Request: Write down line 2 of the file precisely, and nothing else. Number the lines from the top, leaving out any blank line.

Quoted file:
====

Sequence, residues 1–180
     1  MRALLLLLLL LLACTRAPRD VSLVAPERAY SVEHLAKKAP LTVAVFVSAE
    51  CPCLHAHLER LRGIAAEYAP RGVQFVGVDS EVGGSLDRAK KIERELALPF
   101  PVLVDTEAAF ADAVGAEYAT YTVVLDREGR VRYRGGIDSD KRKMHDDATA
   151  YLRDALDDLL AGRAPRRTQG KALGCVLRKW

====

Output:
     1  MRALLLLLLL LLACTRAPRD VSLVAPERAY SVEHLAKKAP LTVAVFVSAE